A stronger voice for Roma people in Lithuania
“Roma people want to be integrated, it's just a myth that they don't. They want their children to go to school with other students, and they want to find work,” says Director of the Lithuanian Children’s Fund and Project Manager Romualda Navikaite.
There are more than 2 500 Roma people in Lithuania. Data from the Lithuanian Social Research Centre show that the number of people who do not want a Roma neighbour has steadily increased over recent years with more than a third of Lithuanians saying their view of Roma people has worsened during the last five years.
The EU’s Agency for Fundamental Rights Agency (FRA) and United Nations Development Programme (UNDP) report on Roma communities showed that the Roma community face prejudice, intolerance, discrimination and social exclusion in their daily lives. It also found that more than 90% lived below the poverty line.
NGO Network for Empowerment
The project ‘NGO Network for the Empowerment of the Roma Community,’ is funded by Iceland, Liechtenstein and Norway through the EEA Grants NGO programme in Lithuania. The project has brought 19 organisations that represent Roma people together to improve their administrative capacity and give them a stronger and more coherent voice in the decision-making process.
“The project allowed us to meet representatives from different ministries and local municipalities, to get a better understanding of local decision-making. The EEA grant allowed us to invite an expert on these issues - Mrs Marta Marczis - to share her knowledge and experience from other European countries with Roma populations,” adds Romualda.
Ishtvan Kvik is the leader of ‘Sare Roma’, a group of 11 artists. He is very much part of Lithuania’s cultural scene, having run his business for more than 20 years. Ishtvan is a member of the Roma council and is one of a new generation of leaders who acts as a role model and who isn’t afraid to confront negative stereotypes:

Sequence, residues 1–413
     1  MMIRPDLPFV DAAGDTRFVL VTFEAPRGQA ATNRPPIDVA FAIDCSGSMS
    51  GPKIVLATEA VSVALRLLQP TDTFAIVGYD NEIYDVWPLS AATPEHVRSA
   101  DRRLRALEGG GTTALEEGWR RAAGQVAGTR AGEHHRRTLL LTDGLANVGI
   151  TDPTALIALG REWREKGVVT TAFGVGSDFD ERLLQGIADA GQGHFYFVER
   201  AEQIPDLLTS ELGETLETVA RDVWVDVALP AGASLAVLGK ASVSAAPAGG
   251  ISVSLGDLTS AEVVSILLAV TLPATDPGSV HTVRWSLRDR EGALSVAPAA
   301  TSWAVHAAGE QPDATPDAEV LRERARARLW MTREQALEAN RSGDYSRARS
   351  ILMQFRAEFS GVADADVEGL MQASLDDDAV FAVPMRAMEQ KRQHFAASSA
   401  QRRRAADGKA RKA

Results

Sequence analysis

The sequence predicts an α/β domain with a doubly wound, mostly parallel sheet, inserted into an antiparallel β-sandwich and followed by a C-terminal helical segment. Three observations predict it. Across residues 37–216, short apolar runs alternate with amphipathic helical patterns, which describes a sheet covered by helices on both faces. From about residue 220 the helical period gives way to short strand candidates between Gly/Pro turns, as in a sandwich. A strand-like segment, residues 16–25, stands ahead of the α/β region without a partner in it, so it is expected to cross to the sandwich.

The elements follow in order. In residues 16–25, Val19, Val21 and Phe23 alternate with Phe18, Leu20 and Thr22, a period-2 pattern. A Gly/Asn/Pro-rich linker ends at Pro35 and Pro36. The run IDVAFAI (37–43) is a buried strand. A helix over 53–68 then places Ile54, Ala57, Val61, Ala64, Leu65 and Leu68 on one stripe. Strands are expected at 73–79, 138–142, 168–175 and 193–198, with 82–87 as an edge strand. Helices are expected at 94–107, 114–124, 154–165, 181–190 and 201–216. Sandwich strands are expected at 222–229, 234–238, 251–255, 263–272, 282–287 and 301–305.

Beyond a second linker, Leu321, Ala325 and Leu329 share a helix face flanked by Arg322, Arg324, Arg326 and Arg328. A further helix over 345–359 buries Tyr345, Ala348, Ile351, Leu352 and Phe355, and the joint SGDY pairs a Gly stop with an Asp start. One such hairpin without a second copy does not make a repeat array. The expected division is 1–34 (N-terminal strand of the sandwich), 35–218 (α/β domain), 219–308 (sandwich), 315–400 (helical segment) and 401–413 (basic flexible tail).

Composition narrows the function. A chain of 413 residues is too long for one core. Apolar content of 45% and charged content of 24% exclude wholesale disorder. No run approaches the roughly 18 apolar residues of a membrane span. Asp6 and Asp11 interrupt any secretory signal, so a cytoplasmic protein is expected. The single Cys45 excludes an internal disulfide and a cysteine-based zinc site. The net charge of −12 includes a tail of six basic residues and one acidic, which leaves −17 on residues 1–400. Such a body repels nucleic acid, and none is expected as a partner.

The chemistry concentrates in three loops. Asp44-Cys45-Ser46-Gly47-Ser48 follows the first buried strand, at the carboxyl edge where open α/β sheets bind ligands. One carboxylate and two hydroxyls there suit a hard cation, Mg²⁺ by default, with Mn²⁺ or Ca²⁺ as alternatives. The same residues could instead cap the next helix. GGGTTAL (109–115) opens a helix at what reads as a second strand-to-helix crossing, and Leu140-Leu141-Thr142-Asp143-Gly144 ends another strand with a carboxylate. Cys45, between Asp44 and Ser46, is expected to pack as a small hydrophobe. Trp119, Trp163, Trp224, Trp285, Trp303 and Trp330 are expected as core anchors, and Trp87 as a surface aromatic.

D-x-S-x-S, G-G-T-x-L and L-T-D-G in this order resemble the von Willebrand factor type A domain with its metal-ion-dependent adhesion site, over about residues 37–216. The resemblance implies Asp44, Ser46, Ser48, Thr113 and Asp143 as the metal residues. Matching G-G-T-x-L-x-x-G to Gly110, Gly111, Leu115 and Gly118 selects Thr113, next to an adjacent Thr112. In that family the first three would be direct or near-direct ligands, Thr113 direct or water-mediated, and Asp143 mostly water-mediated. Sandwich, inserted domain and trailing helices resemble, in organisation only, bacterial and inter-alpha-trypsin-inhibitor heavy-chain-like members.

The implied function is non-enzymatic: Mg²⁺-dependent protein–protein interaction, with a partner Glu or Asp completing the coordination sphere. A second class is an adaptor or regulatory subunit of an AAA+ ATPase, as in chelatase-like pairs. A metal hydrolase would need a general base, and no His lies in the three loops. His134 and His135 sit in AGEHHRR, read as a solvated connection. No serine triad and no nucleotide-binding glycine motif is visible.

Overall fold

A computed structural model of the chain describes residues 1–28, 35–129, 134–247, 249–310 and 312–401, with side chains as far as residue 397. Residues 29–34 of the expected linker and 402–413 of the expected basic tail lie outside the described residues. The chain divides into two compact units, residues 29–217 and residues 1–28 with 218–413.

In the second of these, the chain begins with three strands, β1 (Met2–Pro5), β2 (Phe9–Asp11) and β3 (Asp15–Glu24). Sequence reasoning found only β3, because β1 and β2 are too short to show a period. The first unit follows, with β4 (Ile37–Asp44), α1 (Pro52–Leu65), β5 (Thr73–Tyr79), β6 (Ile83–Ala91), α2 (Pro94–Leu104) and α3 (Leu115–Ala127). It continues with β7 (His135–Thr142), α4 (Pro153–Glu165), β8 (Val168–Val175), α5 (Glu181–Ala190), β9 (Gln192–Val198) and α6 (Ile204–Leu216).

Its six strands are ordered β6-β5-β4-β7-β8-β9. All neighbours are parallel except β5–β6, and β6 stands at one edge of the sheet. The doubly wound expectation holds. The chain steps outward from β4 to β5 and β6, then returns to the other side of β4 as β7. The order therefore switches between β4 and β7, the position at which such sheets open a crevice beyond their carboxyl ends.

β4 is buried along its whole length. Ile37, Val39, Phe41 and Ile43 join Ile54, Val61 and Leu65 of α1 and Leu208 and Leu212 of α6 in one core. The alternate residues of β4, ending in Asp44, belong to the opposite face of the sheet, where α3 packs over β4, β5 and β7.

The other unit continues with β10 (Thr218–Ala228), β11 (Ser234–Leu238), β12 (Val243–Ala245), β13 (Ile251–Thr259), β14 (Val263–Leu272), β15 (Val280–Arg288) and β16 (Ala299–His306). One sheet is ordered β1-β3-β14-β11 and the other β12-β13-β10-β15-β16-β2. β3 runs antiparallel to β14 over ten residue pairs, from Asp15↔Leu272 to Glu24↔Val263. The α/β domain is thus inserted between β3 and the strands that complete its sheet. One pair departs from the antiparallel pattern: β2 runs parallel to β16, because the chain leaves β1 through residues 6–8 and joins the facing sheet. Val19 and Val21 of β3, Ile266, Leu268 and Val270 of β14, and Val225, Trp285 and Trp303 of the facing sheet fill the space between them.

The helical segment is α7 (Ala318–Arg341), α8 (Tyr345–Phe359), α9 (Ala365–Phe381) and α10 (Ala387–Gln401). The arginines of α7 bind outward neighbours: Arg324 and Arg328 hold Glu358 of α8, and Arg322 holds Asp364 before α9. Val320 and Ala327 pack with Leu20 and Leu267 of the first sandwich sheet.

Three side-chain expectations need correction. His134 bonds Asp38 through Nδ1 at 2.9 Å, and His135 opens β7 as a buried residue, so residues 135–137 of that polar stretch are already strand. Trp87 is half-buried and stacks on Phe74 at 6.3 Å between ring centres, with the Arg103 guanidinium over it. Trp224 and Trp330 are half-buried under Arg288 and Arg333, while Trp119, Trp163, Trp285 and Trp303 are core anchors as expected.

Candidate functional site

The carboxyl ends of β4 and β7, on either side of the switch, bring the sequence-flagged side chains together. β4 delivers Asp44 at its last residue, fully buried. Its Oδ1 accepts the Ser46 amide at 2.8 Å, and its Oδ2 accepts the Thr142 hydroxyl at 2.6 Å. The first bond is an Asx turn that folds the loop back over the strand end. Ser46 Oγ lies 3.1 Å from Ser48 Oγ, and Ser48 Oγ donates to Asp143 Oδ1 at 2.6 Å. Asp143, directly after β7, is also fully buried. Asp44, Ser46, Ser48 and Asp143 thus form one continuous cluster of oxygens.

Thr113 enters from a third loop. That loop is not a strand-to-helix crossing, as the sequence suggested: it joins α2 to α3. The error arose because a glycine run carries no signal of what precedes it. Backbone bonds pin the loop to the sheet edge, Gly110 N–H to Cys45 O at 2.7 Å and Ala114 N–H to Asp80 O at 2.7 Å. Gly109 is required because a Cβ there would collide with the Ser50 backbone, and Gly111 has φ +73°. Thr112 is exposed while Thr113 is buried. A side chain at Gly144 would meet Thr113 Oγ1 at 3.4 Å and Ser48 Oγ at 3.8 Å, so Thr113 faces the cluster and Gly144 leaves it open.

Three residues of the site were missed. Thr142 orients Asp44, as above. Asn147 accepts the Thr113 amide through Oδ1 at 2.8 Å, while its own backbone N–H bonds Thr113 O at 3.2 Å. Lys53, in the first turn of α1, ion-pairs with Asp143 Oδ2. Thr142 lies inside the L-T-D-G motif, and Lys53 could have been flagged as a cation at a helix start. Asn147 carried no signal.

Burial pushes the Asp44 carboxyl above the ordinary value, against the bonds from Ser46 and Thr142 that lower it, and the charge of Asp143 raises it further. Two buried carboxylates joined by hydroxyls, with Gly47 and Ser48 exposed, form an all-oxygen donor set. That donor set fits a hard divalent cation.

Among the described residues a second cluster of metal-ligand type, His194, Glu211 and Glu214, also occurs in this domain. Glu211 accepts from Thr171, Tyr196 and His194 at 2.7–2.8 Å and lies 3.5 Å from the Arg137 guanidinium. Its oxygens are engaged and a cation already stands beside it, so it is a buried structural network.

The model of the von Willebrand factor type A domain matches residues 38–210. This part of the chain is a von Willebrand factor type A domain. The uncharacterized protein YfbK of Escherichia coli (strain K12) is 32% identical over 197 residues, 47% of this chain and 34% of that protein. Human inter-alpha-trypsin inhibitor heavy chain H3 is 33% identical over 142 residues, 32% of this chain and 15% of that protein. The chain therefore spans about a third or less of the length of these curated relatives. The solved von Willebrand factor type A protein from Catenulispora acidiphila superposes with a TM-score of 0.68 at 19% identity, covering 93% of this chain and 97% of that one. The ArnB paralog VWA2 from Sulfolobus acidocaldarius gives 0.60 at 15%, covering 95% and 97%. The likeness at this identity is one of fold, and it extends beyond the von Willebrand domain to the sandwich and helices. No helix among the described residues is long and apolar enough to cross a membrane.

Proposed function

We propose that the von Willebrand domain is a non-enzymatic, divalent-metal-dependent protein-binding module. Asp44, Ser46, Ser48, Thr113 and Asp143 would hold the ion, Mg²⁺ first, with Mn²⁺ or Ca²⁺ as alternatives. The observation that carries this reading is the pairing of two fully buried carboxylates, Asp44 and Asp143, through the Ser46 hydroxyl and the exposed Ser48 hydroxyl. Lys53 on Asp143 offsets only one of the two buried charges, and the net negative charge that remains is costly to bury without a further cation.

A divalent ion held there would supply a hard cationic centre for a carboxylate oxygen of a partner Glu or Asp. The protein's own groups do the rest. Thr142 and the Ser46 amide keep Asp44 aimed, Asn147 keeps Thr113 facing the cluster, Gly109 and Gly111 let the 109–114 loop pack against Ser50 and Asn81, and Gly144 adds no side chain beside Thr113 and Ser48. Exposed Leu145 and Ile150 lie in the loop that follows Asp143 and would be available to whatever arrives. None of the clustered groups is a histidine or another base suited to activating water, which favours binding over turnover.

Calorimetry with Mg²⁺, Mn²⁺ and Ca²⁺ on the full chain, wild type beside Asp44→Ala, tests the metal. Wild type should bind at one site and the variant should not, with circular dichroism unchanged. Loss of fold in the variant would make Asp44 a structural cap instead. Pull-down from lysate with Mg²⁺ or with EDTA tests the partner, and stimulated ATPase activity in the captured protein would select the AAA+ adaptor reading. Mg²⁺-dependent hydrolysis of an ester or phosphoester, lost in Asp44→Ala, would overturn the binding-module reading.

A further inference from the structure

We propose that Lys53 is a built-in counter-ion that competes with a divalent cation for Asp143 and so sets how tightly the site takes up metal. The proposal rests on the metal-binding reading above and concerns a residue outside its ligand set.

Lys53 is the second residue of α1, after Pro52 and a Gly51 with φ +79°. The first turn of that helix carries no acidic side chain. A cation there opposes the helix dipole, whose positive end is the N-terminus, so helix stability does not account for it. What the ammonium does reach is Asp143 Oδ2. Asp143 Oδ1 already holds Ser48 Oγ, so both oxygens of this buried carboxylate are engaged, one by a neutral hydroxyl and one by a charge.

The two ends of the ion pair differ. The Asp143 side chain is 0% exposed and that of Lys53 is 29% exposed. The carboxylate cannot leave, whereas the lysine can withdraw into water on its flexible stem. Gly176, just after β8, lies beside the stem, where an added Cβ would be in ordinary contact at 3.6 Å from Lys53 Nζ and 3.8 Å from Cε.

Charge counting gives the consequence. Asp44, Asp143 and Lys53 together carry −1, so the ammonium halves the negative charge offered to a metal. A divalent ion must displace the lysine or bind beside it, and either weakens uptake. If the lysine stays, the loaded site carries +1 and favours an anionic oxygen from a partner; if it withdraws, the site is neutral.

“The most painful experience is when children grow up suffering from such stereotypes. Not a single person on Earth can choose where to be born. I am lucky to have a family and a business. However, I am concerned about all Romas who live in Lithuania.”
Roma traditions and culture are of great importance to Ishtvan and his family, but this has not stopped him from becoming integrated in the wider Lithuanian community. He is proud that his family have been able to find work in difficult economic times and that his children are studying. His son stuides Business Management and Political Studies at the Vilnius Gediminas Technical University and his daughter has just graduated from high school and hopes to go on to study psychology. Ishtvan is living proof that Roma people do not choose to be isolated, but do face significant barriers.
The project organised a discussion with the media in the ‘Journalists House’, the discussion was centred on how the media can do more to combat negative stereotypes. Coverage following the discussion included an interview with Ishtvan in the weekly magazine ‘Savaite’, entitled ‘I am not guilty, that I am born as a Roma’, and he was also invited to speak on national radio.
Another element of the project introduces the ‘Aflatoun methodology’, which helps children to learn about themselves, their rights and responsibilities. The Aflatoun Programme also introduces basic financial understanding and teaches children about saving, budgeting and enterprise.